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A recent paper in Nature Biotechnology (Huggett, 2013) suggests some worrying trends in VC funding in the biotech sector, and a negative impact on start-up financing in the drug and medical device industry in particular. VC financing appears to be at an 8-year low in the US and Europe, by number of deals and deal volume; Europe seems to suffer particularly badly from a decrease in VC firm activity, and investments into early start-ups suffered from the most dramatic decrease in activity in view of all the deals made.

This is happening against the backdrop of all-time high numbers of University spun-out start-ups (with US-based organisations leading the global pack by far), about 50% of which seem to be in the biomedical arena. This trend seems to be caused by two factors: (i) Universities are under greater pressure to convert research outputs into measurable outcomes, and counting the number of start-ups, and employees, is an easier metric than measuring royalties made in complex deals with industry; (ii) entrepreneurship training at/by Universities is creating a growing number of bio-entrepreneurs who prefer setting up companies over employment in the pharma or biotech industry.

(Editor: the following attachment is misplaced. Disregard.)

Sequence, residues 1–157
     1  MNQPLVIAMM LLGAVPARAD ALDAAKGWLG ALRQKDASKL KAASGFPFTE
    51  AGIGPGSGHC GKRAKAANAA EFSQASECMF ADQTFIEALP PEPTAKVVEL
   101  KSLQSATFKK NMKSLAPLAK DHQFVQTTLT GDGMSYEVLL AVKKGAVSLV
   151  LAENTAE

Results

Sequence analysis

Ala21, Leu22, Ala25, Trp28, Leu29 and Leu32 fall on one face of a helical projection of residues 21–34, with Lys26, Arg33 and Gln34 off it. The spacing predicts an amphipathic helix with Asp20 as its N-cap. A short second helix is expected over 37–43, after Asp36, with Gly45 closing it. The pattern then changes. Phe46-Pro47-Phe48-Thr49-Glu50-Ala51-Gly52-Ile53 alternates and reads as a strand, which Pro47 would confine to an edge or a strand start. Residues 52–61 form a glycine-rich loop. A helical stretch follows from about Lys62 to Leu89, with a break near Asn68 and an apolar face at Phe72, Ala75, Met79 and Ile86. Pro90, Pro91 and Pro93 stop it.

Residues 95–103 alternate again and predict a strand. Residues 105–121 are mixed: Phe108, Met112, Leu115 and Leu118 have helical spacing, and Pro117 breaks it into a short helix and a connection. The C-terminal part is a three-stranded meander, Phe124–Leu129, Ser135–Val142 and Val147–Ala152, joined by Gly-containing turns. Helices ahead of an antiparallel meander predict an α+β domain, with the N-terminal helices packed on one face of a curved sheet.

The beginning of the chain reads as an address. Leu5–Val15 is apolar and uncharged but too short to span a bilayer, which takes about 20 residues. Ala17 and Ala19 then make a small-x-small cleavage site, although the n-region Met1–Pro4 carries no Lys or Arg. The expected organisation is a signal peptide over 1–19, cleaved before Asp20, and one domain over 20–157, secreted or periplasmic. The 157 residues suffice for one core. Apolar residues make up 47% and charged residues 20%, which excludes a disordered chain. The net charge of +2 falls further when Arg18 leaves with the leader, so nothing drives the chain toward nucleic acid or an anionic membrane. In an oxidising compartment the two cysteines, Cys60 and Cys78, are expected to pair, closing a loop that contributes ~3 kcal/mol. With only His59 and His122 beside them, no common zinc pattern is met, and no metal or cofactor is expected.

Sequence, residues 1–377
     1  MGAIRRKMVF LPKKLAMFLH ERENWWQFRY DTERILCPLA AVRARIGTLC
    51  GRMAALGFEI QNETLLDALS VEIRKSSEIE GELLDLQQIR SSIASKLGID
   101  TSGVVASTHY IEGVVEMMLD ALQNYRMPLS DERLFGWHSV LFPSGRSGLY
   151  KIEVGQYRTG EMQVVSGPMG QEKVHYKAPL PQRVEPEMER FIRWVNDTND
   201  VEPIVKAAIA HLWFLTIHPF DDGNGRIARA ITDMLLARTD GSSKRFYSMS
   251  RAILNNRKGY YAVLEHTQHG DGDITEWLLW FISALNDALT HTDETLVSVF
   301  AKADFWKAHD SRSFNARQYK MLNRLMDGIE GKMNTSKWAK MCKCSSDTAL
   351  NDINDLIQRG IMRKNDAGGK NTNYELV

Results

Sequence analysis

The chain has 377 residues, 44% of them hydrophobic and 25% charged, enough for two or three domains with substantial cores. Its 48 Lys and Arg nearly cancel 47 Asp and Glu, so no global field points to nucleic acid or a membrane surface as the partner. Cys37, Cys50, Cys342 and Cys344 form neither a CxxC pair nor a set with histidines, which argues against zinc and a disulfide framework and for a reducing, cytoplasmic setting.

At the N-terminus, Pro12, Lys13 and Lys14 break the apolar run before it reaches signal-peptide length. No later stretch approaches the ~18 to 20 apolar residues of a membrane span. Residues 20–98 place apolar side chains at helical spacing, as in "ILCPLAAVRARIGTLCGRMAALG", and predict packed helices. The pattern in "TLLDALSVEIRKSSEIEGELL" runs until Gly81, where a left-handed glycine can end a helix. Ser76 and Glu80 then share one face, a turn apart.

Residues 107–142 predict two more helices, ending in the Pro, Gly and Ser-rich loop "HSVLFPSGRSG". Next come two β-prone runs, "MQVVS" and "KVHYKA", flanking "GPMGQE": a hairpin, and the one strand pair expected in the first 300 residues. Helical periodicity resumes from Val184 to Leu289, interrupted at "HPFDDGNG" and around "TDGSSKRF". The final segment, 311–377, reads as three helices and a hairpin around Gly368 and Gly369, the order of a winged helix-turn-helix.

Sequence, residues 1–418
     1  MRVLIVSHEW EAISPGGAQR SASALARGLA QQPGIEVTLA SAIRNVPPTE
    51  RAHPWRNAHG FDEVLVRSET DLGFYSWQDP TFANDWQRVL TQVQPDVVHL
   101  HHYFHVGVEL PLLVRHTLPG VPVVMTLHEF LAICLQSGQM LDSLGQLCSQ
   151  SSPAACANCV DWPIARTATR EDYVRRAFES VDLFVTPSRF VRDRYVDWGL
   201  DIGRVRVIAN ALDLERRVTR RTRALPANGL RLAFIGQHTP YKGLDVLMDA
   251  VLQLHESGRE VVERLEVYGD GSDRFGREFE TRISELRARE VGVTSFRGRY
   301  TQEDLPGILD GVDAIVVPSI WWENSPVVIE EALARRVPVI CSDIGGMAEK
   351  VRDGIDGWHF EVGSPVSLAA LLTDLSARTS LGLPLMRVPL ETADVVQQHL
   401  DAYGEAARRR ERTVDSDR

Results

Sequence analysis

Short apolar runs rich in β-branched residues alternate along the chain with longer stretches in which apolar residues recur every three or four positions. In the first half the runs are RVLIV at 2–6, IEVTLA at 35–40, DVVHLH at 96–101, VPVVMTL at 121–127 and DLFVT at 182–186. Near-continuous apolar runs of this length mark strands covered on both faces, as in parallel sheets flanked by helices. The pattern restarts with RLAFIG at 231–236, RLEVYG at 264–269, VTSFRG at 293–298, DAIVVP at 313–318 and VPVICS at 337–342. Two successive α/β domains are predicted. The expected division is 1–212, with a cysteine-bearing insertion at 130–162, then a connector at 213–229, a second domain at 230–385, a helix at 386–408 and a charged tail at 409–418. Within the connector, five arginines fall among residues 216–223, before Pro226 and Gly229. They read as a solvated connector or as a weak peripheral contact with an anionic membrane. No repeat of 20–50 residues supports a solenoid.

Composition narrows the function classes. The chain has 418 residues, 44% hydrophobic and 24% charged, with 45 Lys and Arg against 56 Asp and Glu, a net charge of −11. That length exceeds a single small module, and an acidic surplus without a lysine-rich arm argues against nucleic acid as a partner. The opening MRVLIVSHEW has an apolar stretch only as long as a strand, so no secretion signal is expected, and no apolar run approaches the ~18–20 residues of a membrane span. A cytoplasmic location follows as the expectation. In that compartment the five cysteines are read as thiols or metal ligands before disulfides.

In essence, this misalignment of entrepreneurial activity and availability of capital has created a situation where ever larger numbers of start-ups seek funding from a decreasing number of VC investors.

Here is a thought I am pondering: Does this disparity not present an avenue for emerging economies to grow their fledgling biotech industries by way of tapping the pool of scientific and entrepreneurial talent in the developed parts of the world; does it not pose an opportunity for private, and public, capital in need for healthy returns (multiples from VC-backed trade sales of biotech companies rose from 1.8 in 2008 to 6.7 in 2012) in view of a lack of comparative numbers of good-quality projects in these countries; does it not open up an array of possibilities for entrepreneurs in developed nations and partners in emerging economies who are willing to do business in innovative new ways; can it not be leveraged to narrow the imbalance of technology-based industrial development between the US and emerging economies such as South Africa?

References

Huggett, B. (2013). Biotech’s wellspring: the health of private biotech in 2012. Nature biotechnology, 31(5), 396-403.